A law comes into force today in Germany that could bring new capital to crypto markets.
In fact, today, July 1, 2021, a German law comes into force that allows “special funds” (Spezialfonds) to allocate up to 20% of their portfolio in cryptocurrencies.
In total, this law could unlock around €350 billion, or around $415 billion, of capital from these funds that could theoretically be used to buy cryptocurrencies.
Obviously, this figure only really corresponds to the cap, but since the entire crypto market is worth about $1.4 trillion today, this cap corresponds to 29% of the entire value of this market.
It is very difficult to imagine how much of that $415 billion will actually flow into the crypto markets, just as it is impossible to know when it will happen, if it will happen, and which cryptocurrencies the Spezialfonds will eventually focus on, but it is unlikely that the enactment of this law will have no consequences.
It has to be said that the German market has been moving towards cryptocurrencies for a while now, as evidenced by two recent news stories about Germany and crypto markets.
Germany’s new turn towards crypto
A few days ago, Coinbase became the first crypto company to obtain the appropriate license in the country, which could mean that the exchange could be ready to provide cryptocurrency trading and custody services to, for example, the country’s banks, which have already been explicitly authorized to sell bitcoin for some time.
Moreover, it was announced on Tuesday that the group that owns and operates the country’s largest and most important exchange, the Frankfurt exchange, has acquired control of a Swiss company that provides crypto services, including trading and custody. It is therefore possible that cryptocurrencies may even land on the Frankfurt stock exchange in the future.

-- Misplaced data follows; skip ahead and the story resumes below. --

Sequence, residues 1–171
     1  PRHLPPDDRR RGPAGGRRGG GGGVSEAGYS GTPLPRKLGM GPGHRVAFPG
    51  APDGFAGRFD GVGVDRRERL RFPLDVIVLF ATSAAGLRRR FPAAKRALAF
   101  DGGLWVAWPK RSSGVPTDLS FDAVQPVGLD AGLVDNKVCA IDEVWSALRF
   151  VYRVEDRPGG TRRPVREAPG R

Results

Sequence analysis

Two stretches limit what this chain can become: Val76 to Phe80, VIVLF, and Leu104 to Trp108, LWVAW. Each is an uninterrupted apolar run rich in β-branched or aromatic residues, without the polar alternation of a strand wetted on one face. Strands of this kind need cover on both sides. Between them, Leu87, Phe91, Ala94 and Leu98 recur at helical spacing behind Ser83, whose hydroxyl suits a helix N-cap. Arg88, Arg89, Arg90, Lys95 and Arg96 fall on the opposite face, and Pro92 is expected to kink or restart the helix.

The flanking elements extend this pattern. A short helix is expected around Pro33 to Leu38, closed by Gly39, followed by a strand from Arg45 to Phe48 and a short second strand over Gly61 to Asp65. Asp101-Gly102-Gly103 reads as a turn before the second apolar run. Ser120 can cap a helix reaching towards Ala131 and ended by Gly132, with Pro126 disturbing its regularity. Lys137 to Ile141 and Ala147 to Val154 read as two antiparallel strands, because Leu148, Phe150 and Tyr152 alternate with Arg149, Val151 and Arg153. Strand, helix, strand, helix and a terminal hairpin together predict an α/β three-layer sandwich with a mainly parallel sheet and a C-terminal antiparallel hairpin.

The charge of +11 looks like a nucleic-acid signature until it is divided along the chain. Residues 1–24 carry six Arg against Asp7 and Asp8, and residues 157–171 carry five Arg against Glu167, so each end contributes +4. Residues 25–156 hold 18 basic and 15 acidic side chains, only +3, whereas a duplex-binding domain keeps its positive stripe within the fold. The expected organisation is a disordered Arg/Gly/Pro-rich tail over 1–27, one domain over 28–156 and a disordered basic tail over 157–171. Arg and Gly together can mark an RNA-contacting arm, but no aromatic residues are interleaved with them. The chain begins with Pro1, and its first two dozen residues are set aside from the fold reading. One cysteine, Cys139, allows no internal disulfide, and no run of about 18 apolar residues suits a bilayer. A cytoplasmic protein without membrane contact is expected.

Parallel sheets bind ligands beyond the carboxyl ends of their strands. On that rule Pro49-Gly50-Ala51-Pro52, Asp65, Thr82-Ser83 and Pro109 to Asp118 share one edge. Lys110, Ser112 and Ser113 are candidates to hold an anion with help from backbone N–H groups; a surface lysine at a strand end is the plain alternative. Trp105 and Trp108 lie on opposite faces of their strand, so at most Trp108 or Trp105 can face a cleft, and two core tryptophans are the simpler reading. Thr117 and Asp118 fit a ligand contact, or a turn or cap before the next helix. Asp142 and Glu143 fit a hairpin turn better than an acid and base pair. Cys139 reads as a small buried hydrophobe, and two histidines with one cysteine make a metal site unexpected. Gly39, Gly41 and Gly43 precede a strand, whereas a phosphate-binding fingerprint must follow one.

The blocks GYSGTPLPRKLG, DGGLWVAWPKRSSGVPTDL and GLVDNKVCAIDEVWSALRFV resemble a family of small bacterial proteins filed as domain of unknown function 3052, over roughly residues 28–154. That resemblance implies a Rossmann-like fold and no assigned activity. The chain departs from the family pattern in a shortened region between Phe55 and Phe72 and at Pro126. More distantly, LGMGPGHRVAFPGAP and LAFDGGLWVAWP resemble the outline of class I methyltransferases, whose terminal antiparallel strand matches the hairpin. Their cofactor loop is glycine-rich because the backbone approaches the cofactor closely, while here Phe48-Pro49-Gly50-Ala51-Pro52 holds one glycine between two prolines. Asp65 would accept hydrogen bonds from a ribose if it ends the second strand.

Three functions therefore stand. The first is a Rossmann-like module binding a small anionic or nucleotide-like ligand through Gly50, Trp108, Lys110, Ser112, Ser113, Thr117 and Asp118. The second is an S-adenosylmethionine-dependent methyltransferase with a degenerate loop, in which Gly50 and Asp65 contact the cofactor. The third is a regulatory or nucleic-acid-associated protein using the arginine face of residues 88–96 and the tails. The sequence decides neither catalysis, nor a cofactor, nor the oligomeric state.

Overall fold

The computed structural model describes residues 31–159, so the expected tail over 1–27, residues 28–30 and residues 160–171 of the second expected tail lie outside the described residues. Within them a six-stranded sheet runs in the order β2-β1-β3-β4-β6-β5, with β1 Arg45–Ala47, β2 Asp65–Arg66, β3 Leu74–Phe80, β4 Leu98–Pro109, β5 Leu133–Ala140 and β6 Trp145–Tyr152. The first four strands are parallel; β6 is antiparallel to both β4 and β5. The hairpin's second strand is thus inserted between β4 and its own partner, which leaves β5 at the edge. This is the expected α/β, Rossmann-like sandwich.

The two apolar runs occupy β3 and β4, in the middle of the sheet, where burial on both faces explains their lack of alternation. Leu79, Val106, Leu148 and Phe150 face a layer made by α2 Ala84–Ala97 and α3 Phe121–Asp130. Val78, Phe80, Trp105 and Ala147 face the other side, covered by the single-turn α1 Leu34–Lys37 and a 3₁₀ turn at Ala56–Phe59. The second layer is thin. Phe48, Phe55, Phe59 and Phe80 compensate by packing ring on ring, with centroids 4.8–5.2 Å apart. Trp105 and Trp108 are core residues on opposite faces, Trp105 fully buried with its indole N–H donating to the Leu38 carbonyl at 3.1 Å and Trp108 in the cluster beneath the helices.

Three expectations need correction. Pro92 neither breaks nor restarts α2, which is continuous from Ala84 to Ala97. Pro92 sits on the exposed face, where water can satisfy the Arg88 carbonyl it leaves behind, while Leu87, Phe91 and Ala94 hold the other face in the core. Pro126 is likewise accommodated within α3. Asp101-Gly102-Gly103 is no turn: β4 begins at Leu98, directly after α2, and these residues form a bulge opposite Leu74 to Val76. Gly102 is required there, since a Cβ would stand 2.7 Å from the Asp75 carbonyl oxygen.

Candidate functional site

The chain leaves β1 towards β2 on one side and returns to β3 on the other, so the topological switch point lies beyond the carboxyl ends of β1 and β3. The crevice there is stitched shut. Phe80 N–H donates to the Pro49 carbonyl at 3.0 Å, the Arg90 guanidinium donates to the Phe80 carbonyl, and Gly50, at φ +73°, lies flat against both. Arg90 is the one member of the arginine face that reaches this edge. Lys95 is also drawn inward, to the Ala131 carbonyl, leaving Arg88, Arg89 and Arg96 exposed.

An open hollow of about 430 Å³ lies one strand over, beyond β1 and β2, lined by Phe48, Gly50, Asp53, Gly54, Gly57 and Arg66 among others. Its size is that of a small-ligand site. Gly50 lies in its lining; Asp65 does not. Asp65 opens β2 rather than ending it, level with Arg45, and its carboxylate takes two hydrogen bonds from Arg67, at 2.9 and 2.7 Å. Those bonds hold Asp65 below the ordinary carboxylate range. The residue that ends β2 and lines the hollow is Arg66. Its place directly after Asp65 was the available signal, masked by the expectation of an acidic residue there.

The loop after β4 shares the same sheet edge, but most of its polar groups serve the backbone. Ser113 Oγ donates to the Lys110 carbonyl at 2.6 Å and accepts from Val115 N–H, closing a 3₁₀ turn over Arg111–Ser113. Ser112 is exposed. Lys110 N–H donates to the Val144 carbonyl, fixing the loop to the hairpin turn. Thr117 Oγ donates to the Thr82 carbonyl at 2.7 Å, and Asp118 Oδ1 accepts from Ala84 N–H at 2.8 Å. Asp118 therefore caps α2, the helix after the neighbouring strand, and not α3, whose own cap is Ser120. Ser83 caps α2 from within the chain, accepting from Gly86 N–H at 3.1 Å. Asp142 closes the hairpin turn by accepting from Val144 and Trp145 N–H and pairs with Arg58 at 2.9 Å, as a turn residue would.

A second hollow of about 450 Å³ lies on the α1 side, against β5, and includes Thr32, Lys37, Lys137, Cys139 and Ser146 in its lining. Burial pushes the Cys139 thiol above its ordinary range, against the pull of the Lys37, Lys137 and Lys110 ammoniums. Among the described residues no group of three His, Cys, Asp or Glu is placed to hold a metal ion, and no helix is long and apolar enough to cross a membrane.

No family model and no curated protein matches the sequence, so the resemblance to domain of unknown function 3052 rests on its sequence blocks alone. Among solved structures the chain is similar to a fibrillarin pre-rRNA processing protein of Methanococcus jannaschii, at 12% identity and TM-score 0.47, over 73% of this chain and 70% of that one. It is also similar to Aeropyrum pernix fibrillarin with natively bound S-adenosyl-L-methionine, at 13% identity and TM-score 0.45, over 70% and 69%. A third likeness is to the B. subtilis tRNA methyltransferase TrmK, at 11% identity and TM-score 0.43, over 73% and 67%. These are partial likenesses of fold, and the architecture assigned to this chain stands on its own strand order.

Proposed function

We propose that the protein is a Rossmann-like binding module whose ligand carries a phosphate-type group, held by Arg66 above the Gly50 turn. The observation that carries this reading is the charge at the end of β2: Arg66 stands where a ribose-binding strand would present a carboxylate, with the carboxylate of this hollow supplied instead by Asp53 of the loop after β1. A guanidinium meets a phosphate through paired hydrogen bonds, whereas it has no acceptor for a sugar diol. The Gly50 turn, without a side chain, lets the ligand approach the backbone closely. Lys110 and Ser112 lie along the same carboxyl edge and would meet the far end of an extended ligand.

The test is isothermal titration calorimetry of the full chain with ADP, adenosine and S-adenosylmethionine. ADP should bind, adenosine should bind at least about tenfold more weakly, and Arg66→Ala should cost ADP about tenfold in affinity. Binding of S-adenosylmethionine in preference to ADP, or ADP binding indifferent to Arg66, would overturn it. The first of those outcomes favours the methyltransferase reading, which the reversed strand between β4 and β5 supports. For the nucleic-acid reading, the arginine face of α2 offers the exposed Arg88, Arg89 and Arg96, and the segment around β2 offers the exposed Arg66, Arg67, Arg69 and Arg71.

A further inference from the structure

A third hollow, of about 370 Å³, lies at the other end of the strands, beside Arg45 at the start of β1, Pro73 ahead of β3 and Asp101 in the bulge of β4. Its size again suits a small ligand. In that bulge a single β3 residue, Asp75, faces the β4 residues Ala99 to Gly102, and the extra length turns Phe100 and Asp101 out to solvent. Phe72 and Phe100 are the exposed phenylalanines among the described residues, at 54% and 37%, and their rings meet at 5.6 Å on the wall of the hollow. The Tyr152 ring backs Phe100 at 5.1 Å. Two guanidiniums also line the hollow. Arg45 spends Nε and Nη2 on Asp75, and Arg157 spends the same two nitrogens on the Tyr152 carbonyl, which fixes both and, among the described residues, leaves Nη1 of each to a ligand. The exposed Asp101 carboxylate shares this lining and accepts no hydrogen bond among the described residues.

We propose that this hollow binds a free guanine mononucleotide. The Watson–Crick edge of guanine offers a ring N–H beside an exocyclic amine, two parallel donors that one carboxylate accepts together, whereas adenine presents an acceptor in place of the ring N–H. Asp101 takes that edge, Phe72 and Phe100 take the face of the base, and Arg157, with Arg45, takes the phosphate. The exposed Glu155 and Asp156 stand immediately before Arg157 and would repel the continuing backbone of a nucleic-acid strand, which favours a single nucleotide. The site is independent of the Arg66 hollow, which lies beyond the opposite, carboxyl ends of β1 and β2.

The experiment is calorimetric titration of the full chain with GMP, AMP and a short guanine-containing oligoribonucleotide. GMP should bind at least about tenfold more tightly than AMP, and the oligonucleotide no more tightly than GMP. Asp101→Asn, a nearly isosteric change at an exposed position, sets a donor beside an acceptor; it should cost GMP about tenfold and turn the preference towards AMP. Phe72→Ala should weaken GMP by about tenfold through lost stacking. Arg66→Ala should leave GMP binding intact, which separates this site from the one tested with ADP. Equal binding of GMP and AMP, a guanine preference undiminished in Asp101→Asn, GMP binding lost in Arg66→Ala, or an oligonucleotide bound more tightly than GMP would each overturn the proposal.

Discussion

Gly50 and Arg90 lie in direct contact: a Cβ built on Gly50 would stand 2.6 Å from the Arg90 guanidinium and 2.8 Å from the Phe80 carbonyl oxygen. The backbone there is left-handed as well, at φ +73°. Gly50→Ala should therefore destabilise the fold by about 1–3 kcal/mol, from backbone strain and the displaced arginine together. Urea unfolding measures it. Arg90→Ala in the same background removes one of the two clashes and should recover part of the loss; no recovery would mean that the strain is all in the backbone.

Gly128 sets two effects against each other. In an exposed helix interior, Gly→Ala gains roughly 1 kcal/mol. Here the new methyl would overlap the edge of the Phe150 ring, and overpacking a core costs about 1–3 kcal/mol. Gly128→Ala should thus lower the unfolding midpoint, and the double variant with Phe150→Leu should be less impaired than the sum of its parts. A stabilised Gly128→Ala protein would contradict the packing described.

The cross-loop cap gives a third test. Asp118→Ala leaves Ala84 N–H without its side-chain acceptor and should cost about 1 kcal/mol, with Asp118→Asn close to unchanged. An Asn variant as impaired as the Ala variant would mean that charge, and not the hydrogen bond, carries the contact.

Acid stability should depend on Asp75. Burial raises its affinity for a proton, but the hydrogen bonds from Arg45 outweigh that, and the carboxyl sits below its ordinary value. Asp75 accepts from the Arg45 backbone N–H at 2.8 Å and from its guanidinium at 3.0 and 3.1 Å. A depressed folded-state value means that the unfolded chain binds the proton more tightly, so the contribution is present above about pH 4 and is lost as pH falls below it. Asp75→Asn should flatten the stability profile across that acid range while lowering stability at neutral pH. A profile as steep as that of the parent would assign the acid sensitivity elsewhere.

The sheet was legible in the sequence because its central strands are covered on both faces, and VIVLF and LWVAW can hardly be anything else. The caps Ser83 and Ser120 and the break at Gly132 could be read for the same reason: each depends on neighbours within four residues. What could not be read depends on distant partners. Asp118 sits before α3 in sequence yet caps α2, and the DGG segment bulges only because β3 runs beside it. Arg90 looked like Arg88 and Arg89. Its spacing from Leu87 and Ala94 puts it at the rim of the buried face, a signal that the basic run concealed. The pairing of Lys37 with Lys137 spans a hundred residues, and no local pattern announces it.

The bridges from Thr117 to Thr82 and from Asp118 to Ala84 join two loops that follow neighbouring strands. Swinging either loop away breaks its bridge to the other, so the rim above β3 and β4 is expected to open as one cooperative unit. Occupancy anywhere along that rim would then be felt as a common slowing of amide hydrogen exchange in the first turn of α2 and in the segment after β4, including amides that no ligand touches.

In light of this, it seems unlikely that the law that came into force today will not give Spezialfonds the green light to invest in cryptocurrencies, although it is completely unpredictable how much capital these funds will actually bring into the crypto market.
There is also a possibility that the new German legislation could foster a wider acceptance of institutional investment in cryptocurrencies across Europe, given that Germany is the most powerful economy in the Eurozone.
Indeed, Spezialfonds are the main institutional investment vehicle in Germany, and should any large or significant allocation of capital to the crypto market take place, this could also trigger a kind of cascade effect on other similar investors in other European countries.
On the other hand, it was probably large investors, including institutional investors, who enabled the crypto market to recover in 2020 after two and a half years of a real bear market, so they would certainly have the strength to make a difference in 2021 as well.